The complexity of a race vehicle requires extraordinary levels of accuracy, making the construction process crucial when collecting results. Hexagon Manufacturing Intelligence subjected the single-seater from Madrid Polytechnic University (UPM) to a complete and fast analysis.
When it comes to achieving success in any competition, the skill, training and passion of the pilot are key, but so is the quality, accuracy and reliability of the vehicle. This is the cocktail of factors that will be subjected to the maximum demands of racing.
The single-seater from the Madrid Polytechnic University team competes at an international level in the Formula Student category, putting the ability of the engineering students and the accuracy with which they’re able to develop first-rate vehicles to the test.
Among motors of comparable performance (up to 600 cc), the perfection of the components, from production and assembly through to aerodynamics, are defining factors. “The power of all the vehicles is similar, making weight reduction is very interesting, as well as the necessity to keep the centre of gravity as low and centred as possible”, said Ramón Martínez Valdivia, Marketing Manager at UPM.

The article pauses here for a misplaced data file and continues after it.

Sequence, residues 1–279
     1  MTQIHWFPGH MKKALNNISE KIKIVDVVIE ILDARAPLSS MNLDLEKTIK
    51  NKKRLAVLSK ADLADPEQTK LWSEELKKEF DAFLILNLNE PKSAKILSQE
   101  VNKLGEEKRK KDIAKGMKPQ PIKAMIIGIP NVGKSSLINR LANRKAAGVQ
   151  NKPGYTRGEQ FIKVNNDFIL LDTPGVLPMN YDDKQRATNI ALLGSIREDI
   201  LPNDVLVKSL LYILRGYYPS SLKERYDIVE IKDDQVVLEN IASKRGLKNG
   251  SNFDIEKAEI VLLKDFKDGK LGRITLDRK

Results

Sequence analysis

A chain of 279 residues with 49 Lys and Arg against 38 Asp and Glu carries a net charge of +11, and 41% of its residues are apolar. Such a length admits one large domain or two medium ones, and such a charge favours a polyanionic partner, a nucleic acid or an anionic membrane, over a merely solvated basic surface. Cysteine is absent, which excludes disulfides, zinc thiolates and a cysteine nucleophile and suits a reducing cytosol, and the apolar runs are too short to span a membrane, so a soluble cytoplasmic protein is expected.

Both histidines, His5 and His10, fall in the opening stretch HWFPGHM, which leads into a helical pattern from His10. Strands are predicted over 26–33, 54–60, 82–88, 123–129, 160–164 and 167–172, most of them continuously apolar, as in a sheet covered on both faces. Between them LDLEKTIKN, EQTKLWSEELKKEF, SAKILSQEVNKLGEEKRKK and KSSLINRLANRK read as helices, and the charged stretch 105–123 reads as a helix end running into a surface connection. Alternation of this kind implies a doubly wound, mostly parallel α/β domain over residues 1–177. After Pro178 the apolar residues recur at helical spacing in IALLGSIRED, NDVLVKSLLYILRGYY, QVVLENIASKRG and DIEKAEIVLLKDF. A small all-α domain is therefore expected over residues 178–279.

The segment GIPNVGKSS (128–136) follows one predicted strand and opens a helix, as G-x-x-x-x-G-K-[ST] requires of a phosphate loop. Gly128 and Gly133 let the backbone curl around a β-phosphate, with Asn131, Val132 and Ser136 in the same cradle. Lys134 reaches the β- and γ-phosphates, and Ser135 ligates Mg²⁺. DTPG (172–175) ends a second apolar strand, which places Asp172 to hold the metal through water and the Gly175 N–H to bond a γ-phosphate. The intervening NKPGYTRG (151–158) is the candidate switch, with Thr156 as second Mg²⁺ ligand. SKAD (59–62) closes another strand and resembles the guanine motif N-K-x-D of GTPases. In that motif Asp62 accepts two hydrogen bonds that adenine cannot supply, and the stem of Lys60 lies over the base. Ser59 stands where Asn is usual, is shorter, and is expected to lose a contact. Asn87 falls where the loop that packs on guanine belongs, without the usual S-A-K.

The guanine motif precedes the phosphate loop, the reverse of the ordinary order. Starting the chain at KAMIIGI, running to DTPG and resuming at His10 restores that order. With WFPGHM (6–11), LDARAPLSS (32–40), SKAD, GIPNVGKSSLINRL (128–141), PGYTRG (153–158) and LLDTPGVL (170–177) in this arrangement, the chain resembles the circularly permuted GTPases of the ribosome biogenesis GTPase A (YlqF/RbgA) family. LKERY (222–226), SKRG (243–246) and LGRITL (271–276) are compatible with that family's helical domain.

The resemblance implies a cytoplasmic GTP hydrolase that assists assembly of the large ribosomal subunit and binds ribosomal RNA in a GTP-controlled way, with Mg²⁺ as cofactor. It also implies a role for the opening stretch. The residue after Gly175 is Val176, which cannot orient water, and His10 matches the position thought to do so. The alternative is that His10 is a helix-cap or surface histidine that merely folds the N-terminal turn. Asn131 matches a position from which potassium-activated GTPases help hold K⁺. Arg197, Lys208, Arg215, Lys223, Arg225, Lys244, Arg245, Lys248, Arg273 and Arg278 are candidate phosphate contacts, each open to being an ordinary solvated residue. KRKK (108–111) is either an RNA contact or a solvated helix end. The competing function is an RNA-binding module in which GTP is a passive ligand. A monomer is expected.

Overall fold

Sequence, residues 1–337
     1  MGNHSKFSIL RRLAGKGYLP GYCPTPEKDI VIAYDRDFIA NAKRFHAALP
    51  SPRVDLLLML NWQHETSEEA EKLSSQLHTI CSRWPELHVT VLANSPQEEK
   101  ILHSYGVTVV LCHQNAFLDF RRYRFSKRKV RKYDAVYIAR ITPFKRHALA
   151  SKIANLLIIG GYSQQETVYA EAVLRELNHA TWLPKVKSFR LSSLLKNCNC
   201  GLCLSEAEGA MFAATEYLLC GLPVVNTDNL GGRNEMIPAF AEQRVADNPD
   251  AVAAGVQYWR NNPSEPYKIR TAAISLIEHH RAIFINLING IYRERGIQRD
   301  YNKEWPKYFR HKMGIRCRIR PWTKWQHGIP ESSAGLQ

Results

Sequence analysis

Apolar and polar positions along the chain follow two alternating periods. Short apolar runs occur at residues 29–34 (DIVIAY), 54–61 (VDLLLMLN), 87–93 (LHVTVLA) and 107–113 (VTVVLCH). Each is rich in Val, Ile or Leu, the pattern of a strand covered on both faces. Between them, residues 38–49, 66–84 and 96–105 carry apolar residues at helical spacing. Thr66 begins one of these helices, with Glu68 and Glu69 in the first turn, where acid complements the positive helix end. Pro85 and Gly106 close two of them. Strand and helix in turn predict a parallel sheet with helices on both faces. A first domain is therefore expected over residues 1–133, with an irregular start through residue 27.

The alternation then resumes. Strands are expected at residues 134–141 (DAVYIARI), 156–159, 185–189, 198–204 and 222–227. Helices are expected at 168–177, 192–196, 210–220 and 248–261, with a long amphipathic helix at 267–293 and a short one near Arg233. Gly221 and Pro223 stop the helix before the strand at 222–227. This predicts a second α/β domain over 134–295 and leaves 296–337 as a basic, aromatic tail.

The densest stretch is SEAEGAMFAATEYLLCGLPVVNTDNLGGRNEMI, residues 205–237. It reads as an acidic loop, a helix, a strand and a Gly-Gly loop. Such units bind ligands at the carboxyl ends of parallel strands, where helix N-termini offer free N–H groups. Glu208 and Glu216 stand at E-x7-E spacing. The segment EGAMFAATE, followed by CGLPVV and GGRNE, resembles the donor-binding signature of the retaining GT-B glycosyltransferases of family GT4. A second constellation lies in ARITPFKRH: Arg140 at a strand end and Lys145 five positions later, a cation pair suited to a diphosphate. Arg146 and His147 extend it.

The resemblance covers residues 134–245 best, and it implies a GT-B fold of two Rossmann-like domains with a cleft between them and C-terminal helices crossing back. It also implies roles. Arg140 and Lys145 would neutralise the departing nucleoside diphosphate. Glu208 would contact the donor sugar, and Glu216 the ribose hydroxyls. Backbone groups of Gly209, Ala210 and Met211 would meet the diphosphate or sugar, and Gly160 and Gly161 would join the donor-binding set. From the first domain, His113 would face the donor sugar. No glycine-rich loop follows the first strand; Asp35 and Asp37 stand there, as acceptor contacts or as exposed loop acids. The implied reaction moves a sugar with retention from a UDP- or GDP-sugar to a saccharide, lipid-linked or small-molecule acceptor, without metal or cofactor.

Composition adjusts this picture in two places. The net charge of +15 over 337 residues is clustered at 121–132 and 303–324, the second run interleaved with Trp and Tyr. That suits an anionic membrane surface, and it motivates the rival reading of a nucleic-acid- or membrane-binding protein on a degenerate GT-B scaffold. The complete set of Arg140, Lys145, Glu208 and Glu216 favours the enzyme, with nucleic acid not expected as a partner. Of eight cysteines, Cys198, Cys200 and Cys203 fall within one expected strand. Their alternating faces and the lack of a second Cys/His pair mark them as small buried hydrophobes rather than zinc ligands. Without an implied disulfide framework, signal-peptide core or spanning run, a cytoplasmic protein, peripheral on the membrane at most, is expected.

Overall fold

The Leica Absolute Tracker AT960
combined with the Leica Absolute Scanner LAS-20-8
allowed the vehicle to be measured in a very short period while still achieving a measurement uncertainty of less than 50 µm. The result of the scanning work was a transverse model of the vehicle that allowed the team to develop a range of applications: “They were able to perform aerodynamic calculations in addition to suspension modifications, notably improving their times in the next Formula Student race”, noted Sergio Herradura, Sales Engineer and Specialist in the Hexagon Manufacturing Intelligence Portable Product Line.
Fast measurement process
Through these measuring systems, Hexagon was able to monitor and identify imperfections in the single-seater design. “After assembly, it’s very important for us to quantify the errors that have
been made. In order to do this, we rely on Hexagon technology to determine deviations and how they affect both the design and the resistance of the piece and the car's dynamics”, said David Ángel Fernández, Chief Engineer at UPM.
The use of the Leica Absolute Scanner LAS-20-8 was crucial for analysing the disparity between some elements. Using the accurate data gathered from the scanner point clouds, the UPM team were able to pay special attention to the areas that made the most difference. “Among the great advantages of the scanner is its ease of use and lightness in combination with the high performance it achieves. It‘s allowed us to improve our manufacturing process while taking into account tolerance levels and the relevance of each component”, said Juan José Herrero Villamor, Project Manager of Investigations at UPM.
Herrero also highlighted the importance of the data collected in “helping to correct manufacturing errors found in the chassis and the suspension system, as well as in re-evaluating our manufacturing systems to keep them within the appropriate tolerance levels.”